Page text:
17. Dura JR, Stukenberg KW, Kiecolt-Glaser JK. Anxiety and depressive disorders in adult children caring for demented parents. Psychol Aging 1991; 6: 467-73.

18. Fraser M, Snyder E. The economic benefits of delaying progression in Alzheimer's disease using cholinesterase inhibitors. Neurology 2000; 8: 72-93.

19. Fenn P, Gray A. Estimating long term cost savings from treatment of Alzheimer's disease. Pharmacoeconomics 1999; 16: 165-74.

20. Hauber AB, Gnasasakthy A, Snyder EH, et al. Potential savings in the cost of caring for Alzheimer's disease: treatment with rivastigmine. Pharmacoeconomics 2000; 17: 351-60.

21. Wimo A, Ljunggren g, Winblad B, et al. Costs of dementia and dementia care; a review. Int J Geriatr Psychiatry 1997: 12: 841-56.

22. Hux MJ, O'Brien BJ, Iskedjian M, et al. Relation between severity of Alzheimer's disease and costs of caring. CMAJ 1998; 159: 457-65.

23. Cummings JL. Theories behind existing scales for rating behaviour in dementia. Int Psychogeriatr 1996; 8: 293-300.

24. Steele C, Rovner B, Chase GA, Barnes HJ, et al. Psychiatric symptoms and nursing home placement of patients with Alzheimer's disease. Am J Psychiatry 1990; 147: 1049-51.

25. O'Donnell BF, Drachmann DA, Barnes JH, et al. Incontinence and troublesome behaviours predict institutionalization in dementia. J Geriatr Psychiatry Neurol 1992: 5; 45-52.

26. American Family Physician. Diagnosis and Management of Dementia. Monograph 2, 2001, p 8.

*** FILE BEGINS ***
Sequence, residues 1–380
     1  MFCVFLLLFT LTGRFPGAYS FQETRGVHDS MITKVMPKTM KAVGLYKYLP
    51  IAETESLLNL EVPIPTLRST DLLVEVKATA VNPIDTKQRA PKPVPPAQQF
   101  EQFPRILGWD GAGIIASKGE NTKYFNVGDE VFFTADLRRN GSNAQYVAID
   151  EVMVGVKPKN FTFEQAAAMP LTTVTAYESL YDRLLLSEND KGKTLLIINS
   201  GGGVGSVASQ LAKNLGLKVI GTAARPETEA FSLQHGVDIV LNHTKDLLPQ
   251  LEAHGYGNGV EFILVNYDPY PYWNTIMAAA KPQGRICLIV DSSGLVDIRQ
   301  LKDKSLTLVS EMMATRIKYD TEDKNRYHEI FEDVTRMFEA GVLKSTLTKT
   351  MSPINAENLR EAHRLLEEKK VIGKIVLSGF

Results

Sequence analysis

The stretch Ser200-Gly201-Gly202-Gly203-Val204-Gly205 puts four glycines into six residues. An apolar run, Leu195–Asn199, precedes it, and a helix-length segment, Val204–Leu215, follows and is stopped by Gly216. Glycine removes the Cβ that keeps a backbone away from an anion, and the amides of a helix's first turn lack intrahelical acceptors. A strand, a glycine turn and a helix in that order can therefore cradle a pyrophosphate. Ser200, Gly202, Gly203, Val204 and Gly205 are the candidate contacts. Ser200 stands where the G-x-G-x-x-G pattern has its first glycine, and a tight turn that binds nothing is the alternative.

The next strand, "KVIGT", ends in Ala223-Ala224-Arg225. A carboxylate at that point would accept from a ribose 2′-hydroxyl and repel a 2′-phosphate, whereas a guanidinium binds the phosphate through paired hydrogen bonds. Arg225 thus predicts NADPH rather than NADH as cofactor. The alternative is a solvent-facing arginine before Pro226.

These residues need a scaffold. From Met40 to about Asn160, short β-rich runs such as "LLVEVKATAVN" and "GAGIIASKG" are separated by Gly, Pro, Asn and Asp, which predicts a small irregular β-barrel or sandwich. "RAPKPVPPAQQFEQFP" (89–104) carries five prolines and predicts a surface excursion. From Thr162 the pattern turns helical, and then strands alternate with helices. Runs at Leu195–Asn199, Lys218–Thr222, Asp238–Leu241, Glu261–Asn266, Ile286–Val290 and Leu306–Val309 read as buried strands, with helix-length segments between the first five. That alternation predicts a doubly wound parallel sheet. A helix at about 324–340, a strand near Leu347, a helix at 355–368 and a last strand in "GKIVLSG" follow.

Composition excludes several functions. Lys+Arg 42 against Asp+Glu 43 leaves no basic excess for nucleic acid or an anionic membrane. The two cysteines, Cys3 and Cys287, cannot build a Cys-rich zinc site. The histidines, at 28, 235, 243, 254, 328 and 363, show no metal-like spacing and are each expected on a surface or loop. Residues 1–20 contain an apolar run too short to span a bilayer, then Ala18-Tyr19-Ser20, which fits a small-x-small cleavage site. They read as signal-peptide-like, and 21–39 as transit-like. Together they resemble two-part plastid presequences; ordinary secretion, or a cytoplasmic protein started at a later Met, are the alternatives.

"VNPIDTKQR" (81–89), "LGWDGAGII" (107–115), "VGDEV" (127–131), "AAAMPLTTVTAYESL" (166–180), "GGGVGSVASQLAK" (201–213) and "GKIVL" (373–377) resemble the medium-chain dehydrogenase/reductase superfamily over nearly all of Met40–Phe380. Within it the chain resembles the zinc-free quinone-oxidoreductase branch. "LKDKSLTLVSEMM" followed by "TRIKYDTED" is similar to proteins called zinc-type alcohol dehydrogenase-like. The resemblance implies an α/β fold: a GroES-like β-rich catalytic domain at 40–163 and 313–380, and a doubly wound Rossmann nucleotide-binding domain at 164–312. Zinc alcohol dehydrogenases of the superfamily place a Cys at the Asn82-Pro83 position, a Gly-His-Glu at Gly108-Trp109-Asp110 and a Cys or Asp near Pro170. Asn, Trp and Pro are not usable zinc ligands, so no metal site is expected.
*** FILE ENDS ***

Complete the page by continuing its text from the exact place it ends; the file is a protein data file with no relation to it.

27. Ballard CG. Advances in the Treatment of Alzheimer's Disease: Benefits of Dual Cholinesterase Inhibition. European Neurology 2002; 2002;47(1):64-70.

28. Gauthier S. Brain Aging 2002:2:9-22.

29. Corey-Bloom J, Anand R, Veach J. A randomized trial evaluating the efficacy and safety of ENA713 (rivastigmine tartrate), a new acetylcholinesterase inhibitor, in patients with mild to moderately severe Alzheimer's disease. Int J Geriatr Psychopharmacol 1998;1:55-65.

30. Rösler M, Anand R, Cicin-Sain A et al. Efficacy and safety of rivastigmine in patients with Alzheimer's disease: international randomized controlled trial. Br Med J 1999;318:633-40.

31.Emre M et al. Rivastigmine for the dementia associated with Parkinson's Disease. N Engl J Med 2004;351:29-38.

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Stephen Cull

Last updated on: 27/08/2010 11:40:18